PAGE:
I’ll interrupt Bryant’s series on colours in plants (which should conclude on Monday) with another photo contribution from James Gaither (J.G. in S.F.@Flickr). Thanks as always for the excellent photographs (original image | via Botany Photo of the Day Submissions Flickr Pool).
As with many species from South Africa, the South African National Biodiversity Institute‘s PlantZAfrica site has some of the best information available, so instead of repeating from their site, I’ll highly recommend this page containing information on name derivation, habitat and conservation status: Tritonia crocata. The one thing I will quote from their site is the meaning of the name Tritonia, as it is important below: “[from] the Latin word triton, a weather vane, due to the variable orientation of the stamens in some species”. For a survey of Tritonia floral diversity, the Pacific Bulb Society Wiki has a great set of photographs for this genus: Tritonia.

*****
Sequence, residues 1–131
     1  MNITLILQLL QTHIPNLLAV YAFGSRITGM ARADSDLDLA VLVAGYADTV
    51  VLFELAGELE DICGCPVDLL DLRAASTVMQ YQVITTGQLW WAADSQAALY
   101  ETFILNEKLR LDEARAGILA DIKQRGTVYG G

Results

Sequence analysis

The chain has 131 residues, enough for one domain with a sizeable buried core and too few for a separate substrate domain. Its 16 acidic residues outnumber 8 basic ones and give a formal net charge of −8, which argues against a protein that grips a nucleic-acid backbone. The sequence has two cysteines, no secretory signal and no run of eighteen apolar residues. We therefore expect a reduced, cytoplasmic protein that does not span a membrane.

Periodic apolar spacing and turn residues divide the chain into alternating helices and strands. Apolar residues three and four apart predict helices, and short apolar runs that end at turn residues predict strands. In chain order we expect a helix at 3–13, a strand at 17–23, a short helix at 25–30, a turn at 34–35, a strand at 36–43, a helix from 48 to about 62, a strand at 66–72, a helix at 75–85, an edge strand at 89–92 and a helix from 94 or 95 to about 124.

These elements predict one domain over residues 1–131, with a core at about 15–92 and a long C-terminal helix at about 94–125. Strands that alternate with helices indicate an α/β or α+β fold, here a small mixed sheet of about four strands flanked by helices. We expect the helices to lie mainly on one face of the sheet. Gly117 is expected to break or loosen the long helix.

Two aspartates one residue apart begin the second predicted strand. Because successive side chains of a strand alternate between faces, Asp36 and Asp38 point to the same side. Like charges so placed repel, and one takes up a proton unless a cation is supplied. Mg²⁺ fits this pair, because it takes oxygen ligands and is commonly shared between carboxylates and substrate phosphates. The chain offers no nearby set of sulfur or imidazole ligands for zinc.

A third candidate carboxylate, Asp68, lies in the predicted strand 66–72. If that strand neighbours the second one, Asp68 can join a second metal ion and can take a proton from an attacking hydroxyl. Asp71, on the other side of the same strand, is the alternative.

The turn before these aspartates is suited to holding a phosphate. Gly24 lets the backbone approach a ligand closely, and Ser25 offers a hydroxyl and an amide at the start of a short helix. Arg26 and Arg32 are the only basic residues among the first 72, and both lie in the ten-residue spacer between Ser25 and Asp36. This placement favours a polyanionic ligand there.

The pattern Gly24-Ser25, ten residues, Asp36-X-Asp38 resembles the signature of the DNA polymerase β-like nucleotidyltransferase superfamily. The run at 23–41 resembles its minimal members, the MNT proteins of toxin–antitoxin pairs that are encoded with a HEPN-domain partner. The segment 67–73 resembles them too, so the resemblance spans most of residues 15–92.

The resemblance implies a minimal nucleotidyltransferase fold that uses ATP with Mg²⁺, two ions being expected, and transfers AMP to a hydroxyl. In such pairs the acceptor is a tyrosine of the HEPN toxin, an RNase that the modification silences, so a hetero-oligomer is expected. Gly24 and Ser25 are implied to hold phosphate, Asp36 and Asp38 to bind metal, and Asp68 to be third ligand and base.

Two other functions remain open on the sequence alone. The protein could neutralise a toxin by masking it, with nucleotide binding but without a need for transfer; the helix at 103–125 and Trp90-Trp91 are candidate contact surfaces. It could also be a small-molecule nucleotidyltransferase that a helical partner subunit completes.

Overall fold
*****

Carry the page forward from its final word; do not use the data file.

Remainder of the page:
If searching for more information on Tritonia online, your results may include information on some animals also named Tritonia. Since plant names are required to conform to a different international code than animal names (the International Code of Botanical Nomenclature vs. the International Code of Zoological Nomenclature), there is nothing preventing the use of the same generic names in each system (or, even, the same species name). When this occurs, the two names representing two different taxa or taxon groups are considered to be hemihomonyms. Keeping in mind that the name Tritonia is derived from triton meaning “a weather vane”, one would expect some sort of appendages on these animals. Here are some photographs of the nudibranchs (sea slugs) named Tritonia: Tritonia festiva, Tritonia striata and an unnamed Tritonia species from National Geographic.